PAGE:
“Biden’s Electoral College lead has narrowed to 279 to 187 for Trump,” wrote Cook’s Amy Walter of the strikes. “Earlier this summer, Biden held a 308 to 187 lead.”
“In early June The Economist published its own statistical forecasting model for this November’s presidential contest to guide such handicapping. Back then, it gave Donald Trump at best a one-in-five chance of winning a second term. But by July, as unrest and the coronavirus ravaged the nation, his odds had slumped to as low as one-in-ten. There they stayed until the middle of August. Now, our model shows Mr Trump has clawed back a sizeable chunk of support.”
That query is tough to reply with any form of certainty for a couple of causes — most notably that we’re nonetheless 53 days from the election. And we’re nonetheless within the grips of a pandemic that’s projected to kill greater than 400,000 Americans by the top of the yr. And in the midst of a nationwide dialog about race that has sparked protests — peaceable and violent — throughout the nation. And with the least predictable or conventional individual within the White House in fashionable American historical past.
In brief: The final two-ish months earlier than an election are at all times chaotic and considerably unpredictable. That goes quadruple for this election.
But just because we will not say something definitive doesn’t suggest there’s nothing to see right here. And what these newest stirrings within the electoral map seem like are a form of return to normalcy within the voters as opposed to any main motion in Trump’s favor.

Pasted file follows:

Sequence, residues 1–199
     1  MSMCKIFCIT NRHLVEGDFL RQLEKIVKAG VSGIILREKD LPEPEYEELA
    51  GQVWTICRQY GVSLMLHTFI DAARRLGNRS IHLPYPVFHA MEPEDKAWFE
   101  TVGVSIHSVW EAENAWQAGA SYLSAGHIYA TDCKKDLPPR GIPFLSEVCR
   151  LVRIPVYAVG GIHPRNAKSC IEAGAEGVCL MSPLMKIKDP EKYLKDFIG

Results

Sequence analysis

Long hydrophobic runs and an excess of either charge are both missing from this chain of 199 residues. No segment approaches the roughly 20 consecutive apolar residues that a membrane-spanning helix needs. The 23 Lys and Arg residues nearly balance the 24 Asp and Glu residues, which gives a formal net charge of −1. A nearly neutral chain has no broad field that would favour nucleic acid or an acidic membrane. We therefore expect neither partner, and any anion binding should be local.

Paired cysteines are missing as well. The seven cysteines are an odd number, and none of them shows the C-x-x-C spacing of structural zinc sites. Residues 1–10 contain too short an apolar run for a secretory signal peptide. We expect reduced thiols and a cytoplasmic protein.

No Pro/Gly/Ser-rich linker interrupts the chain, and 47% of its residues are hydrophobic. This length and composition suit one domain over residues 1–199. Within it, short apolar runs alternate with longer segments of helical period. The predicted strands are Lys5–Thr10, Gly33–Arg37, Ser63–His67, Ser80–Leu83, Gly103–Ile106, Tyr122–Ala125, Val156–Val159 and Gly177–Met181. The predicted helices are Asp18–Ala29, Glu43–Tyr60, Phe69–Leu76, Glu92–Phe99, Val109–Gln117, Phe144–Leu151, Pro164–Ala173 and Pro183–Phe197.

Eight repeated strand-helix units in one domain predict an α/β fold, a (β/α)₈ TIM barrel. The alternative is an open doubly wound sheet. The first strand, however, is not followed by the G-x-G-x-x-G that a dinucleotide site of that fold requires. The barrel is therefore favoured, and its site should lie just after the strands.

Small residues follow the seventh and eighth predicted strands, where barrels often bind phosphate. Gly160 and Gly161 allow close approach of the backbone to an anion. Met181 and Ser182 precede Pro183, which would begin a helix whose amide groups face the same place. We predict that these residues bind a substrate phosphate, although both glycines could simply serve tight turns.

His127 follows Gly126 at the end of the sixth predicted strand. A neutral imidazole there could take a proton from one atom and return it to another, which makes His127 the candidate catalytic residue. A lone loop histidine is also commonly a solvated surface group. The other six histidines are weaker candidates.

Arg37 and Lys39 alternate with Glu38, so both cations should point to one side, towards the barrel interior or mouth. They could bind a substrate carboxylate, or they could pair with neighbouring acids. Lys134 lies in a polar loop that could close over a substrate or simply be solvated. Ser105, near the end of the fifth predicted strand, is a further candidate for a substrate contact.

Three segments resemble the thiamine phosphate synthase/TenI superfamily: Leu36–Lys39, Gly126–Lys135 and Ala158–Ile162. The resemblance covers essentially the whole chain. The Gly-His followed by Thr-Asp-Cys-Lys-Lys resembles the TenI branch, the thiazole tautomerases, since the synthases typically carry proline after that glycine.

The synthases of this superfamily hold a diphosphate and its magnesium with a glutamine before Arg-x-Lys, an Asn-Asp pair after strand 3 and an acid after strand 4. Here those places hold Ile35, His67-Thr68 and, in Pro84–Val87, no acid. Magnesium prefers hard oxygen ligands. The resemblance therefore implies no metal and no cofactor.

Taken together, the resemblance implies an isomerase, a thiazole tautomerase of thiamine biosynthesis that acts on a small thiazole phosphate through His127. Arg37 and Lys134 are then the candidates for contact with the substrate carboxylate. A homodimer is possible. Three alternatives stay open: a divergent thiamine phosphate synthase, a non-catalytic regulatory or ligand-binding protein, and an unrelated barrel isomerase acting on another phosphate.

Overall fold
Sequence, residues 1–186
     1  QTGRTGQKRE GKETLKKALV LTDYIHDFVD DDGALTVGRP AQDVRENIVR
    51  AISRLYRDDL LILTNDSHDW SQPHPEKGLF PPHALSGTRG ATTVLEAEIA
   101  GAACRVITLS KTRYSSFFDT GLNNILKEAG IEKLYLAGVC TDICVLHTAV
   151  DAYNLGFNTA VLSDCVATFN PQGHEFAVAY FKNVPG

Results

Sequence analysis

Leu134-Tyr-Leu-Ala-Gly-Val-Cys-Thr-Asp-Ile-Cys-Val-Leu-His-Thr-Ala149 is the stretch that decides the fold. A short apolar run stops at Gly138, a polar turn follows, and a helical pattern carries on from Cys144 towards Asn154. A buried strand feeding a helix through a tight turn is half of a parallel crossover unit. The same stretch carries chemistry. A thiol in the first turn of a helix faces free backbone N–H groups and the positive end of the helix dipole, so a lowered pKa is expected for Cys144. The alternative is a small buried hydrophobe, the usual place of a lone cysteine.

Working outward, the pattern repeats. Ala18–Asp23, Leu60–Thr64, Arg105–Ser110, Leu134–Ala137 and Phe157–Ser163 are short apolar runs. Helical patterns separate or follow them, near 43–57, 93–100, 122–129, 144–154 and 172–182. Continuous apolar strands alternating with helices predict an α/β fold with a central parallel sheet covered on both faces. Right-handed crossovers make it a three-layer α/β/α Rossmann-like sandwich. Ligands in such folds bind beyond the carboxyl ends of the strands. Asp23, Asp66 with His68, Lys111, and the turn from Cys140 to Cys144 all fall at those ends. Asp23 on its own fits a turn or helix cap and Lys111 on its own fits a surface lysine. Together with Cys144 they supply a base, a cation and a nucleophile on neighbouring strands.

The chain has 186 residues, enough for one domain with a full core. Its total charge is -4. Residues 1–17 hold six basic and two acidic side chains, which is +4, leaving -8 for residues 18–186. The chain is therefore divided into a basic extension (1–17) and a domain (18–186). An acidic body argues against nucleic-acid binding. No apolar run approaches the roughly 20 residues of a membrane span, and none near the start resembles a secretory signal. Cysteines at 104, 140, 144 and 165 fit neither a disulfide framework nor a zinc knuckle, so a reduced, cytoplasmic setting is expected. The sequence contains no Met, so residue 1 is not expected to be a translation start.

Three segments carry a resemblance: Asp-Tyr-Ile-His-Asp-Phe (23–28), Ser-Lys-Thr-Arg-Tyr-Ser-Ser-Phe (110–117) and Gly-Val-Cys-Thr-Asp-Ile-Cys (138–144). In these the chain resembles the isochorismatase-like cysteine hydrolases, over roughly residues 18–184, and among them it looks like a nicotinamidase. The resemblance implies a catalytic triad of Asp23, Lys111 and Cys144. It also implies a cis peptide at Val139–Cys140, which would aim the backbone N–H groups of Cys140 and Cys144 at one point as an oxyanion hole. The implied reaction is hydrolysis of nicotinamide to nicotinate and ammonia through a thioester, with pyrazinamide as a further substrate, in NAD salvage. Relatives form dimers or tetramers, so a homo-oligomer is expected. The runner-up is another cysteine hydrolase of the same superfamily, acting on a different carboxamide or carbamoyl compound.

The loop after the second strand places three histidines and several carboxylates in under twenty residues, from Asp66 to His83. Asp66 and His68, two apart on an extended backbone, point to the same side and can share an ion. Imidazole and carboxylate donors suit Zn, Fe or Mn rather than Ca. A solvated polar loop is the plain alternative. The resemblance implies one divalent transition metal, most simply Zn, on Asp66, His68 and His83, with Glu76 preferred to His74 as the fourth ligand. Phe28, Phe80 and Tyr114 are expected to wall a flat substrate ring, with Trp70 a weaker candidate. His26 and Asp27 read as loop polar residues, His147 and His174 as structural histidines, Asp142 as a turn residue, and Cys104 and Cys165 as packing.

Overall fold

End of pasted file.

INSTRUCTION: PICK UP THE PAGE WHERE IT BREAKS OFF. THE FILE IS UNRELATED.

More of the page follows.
Think of if this fashion: The voters is sort of a rubber band. The twin summer season crises of the dying of George Floyd and the mounting dying toll within the United States from coronavirus stretched that rubber band closely in Biden’s path as voters quickly misplaced confidence within the President’s capacity to successfully take care of the pandemic and/or direct a severe nationwide dialogue about race and policing. All that is occurred within the final month or so is that the rubber band has returned barely nearer to its regular degree of rigidity. It hasn’t begun to be stretched in Trump’s path and, in reality, it nonetheless is extra in Biden’s favor, though barely much less so than, say, two months in the past.
“Context is key tho. We give Trump less than half the chance we would have at this point in 16 if we ran the same model. The last 2 weeks (post-convention) are typically the incumbent’s best of the cycle—yet polls moved modestly, if at all, and POTUS’s odds are only 3 pts better.”
That’s not to say that Trump cannot win. He completely can. But it’s to say that he, regardless of some current motion in locations like Florida and Nevada (and even Pennsylvania) in his favor, stays a transparent underdog to beat Biden to 270 electoral votes. Still.